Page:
The oxygen pressure in microenvironments (endosteal or vascular niches) is thought to be less than 10 mm Hg.15 We therefore used 1% O2, which equates to 7.6 mm Hg, in our in vitro experiments to mimic the microenvironment. We examined myeloma cell lines under chronic hypoxia (1% O2 for 48 hours) and observed phenotypic changes, such as growth inhibition accompanied by an increase in the proportion of G1-arrested cells, acidification of the medium resulting from accelerated glycolysis, increased drug resistance, and a decrease in CD138 expression.9 To screen for genes whose expression increases with chronic hypoxia in myeloma and to identify IRF4-independent antiapoptosis factors, we conducted a gene expression analysis of cell lines (n = 5) and patient samples (n = 4). Samples were cultured under normoxia and chronic hypoxia (1% O2, 48 hours). A gene set enrichment analysis showed that glycolytic genes and HIF-1α-regulated genes were significantly activated after exposure to hypoxia (supplemental Figure 1A). Glycolysis is thought to play an important role in the survival of myeloma cells.8 To address this in our system, we performed an XTT assay with normoxia and hypoxia in the MM cell line, U266, using the glycolytic inhibitor 3-bromopyruvate.17 We found that inhibition of glycolysis led to an increase in cell death under hypoxic conditions (supplemental Figure 1B-C), suggesting that glycolysis becomes more important during hypoxia in MM cells. We identified genes whose expression increased more than 2-fold in the examined specimens and performed a gene ontology analysis (Figure 1A). The fluctuating gene ontology consisted of many genes related to the glycolytic pathway, dioxygenase activity, and H3K9 demethylases. Both KDM3A and KDM7A were categorized to H3K9 demethylases and dioxygenase activity, and these genes showed more than a 2-fold increase under hypoxic conditions in all cell lines and patient specimens (Figure 1B; supplemental Table 2). We examined the expression of H3K9 methylating enzymes and demethylating enzymes and found that members of the H3K9 methylating enzyme group, including SUV39H1, SUV39H2, and EHMT2 (G9a), showed a decreasing trend during hypoxia (Figure 1C). In particular, SUV39H2 was included in the group of genes whose expression decreased to a fold change <0.5 in all patient samples, together with genes related to the cell cycle (supplemental Figure 2A-B; supplemental Table 3). In contrast, genes in the H3K9 demethylating enzyme group, including KDM3A and KDM7A, showed increased expression (Figure 1C). Although it is known how glycolytic genes function in the hypoxic environment of myeloma, this has yet to be clarified for H3K9 demethylases. Therefore, we sought to determine how these demethylating enzymes are associated with myeloma oncogenesis during hypoxia.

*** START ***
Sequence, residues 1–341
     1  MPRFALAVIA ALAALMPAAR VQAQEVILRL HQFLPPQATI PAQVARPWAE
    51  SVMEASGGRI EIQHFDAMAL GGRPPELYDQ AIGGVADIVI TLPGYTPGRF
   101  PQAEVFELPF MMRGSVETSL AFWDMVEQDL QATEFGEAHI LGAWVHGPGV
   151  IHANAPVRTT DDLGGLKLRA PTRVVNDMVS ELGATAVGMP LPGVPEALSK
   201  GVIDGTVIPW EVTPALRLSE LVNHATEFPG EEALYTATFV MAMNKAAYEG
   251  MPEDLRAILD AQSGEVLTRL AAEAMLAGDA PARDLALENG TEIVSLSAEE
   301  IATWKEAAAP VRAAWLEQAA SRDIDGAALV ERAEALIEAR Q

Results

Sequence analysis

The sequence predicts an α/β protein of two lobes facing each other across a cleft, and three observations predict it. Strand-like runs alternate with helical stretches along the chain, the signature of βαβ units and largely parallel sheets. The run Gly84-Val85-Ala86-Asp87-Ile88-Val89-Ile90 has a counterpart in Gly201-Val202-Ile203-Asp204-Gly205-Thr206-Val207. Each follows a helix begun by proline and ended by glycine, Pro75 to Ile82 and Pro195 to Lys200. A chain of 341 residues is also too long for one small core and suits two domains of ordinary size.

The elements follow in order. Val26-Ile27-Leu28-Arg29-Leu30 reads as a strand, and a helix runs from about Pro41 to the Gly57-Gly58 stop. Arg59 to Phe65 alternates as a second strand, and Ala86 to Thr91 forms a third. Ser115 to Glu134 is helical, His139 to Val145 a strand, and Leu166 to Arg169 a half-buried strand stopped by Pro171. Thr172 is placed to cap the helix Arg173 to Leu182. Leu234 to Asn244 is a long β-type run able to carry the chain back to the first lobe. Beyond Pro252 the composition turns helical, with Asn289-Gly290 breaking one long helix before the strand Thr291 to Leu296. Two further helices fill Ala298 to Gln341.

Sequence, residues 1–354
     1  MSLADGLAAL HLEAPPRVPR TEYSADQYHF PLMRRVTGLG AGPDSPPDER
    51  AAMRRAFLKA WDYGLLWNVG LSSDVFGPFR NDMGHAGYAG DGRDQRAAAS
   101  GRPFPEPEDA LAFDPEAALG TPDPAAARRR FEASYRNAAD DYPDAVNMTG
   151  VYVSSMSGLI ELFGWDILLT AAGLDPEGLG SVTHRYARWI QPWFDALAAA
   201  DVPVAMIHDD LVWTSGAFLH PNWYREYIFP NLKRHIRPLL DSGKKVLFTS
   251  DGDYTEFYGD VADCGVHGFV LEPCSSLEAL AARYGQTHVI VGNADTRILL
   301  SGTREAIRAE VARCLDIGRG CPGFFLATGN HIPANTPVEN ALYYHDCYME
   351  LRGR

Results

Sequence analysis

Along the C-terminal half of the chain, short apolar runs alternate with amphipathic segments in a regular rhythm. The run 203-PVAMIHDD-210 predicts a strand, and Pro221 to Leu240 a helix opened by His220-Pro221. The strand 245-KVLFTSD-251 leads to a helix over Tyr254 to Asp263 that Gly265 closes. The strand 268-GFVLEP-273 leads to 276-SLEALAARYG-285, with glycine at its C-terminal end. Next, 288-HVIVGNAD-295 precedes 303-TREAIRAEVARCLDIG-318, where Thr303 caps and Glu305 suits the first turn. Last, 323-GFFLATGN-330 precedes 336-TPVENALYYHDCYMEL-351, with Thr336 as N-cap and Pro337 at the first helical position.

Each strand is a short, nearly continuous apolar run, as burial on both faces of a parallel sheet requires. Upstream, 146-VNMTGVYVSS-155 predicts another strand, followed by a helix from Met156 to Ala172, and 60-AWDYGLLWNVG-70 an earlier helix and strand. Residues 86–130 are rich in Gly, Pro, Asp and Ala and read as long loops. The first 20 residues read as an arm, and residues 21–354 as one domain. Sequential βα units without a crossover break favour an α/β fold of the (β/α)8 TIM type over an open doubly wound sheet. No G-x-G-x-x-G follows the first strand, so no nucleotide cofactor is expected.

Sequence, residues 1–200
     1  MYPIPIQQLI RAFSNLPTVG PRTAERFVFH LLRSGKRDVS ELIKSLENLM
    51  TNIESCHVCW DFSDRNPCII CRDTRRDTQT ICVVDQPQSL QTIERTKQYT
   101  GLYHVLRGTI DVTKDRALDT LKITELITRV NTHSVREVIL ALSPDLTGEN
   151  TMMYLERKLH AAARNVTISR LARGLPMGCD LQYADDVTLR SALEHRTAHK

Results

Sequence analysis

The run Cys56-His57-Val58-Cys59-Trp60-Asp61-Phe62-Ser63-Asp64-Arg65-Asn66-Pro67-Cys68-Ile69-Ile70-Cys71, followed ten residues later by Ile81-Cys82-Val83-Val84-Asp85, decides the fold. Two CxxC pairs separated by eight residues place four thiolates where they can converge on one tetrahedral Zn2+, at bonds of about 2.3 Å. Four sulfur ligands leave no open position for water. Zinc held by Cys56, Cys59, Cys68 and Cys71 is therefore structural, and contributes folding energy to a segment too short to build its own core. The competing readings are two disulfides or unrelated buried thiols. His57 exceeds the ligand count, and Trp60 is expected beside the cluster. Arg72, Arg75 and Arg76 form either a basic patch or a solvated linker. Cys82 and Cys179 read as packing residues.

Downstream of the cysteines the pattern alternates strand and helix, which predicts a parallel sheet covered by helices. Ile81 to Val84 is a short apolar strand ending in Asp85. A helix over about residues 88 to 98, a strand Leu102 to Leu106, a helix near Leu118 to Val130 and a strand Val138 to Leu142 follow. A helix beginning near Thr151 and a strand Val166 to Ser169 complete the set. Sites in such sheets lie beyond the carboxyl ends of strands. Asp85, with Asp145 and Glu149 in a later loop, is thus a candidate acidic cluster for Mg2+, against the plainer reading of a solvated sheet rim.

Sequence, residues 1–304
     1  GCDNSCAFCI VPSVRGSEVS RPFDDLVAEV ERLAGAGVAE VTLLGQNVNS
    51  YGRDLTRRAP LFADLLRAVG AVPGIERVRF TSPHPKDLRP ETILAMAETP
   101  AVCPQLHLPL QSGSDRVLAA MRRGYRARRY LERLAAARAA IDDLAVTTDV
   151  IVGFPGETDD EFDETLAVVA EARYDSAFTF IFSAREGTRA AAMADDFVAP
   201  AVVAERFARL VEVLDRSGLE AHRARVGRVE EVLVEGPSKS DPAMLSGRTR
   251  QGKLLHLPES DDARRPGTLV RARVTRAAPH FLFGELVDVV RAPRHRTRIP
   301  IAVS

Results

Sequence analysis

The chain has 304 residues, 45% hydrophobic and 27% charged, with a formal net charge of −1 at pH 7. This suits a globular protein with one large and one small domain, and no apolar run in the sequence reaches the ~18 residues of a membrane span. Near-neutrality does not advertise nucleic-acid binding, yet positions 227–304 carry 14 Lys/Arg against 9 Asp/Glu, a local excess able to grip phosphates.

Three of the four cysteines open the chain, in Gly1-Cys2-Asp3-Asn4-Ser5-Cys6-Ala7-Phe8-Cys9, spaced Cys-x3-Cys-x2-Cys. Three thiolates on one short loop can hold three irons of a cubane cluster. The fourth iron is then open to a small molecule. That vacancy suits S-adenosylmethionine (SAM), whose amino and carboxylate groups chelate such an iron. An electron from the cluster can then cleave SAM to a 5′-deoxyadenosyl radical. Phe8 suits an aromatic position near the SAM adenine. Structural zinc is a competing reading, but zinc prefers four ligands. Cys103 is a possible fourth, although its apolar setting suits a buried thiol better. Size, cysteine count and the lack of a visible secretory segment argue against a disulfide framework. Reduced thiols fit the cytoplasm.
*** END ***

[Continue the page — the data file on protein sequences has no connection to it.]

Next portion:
Upregulation of H3K9 demethylase KDM3A is regulated by HIF-1α during chronic hypoxia
It is known that expression of H3K9 demethylating enzymes KDM3A and KDM7A is induced under stress conditions: hypoxic stress mainly induces KDM3A, and serum starvation mainly induces KDM7A.18-20 We performed a western blot analysis of KDM3A and KDM7A expression in normoxia- and hypoxia-subjected myeloma cell lines and found that expression of KDM3A was more strongly increased than that of KDM7A under hypoxia (Figure 2A-B). The increase in KDM3A expression was time-dependent, but that of KDM7A was not (Figure 2B). These results suggested that KDM3A has a more potent function in chronic hypoxia than KDM7A does. The increase in KDM3A expression during chronic hypoxia was confirmed by qRT-PCR, using all myeloma cell lines (n = 8) and patient specimens (n = 15) (Figure 2C-D).
It is known that KDM3A has a hypoxia response element within its promoter, and induction of KDM3A by hypoxia is HIF-dependent.21-24 Therefore, to determine the relationship between HIFs (HIF-1α and HIF-2α) and KDM3A, we knocked down HIF-1α or HIF-2α in U266 and KMS-11 cell lines. We confirmed that HIF-1α and HIF-2α expression was reduced to at least half of their normal levels (supplemental Figure 3). Knockdown of HIF-1α, but not HIF-2α, suppressed the expression of KDM3A (Figure 2E-F) and glycolytic genes, such as SLC2A1 (GLUT1; supplemental Figure 3). These results suggested that the increase in KDM3A expression during hypoxia is caused by activation of HIF-1α, but not HIF-2α. It has been shown that HIF-1α can bind to the KDM3A promoter region in the human breast cancer cell line MCF7.23 In the current study, we also found that HIF-1α binds to KDM3A in KMS-11 cells (supplemental Figure 4A), suggesting that hypoxia-induced HIF-1α activation can induce KDM3A expression in myeloma cells. We also examined this relationship in the clinical specimen datasets (GSE2113 and GSE6477)25,26 and found a significant positive correlation in GSE2113 (P < .001) and a positive correlation trend in GSE6477 (P = .07) for KDM3A and HIF1A (supplemental Figure 4B). Furthermore, we investigated whether any stimulation from the microenvironment other than hypoxia affects the expression of KDM3A. However, serum starvation, IL-6, and coculture with the stromal cell line HS-5 did not notably affect the expression of KDM3A (supplemental Figure 4C-D). Although it has been reported that KDM3A, an H3K9 demethylase containing a jumonji domain, plays an important oncogenic role in cancer,27-29 the exact role of KDM3A in the hypoxic stress response of myeloma has not been reported. We therefore sought to investigate the role of KDM3A in hypoxia.
Knockdown of KDM3A induces apoptosis in myeloma cells under hypoxia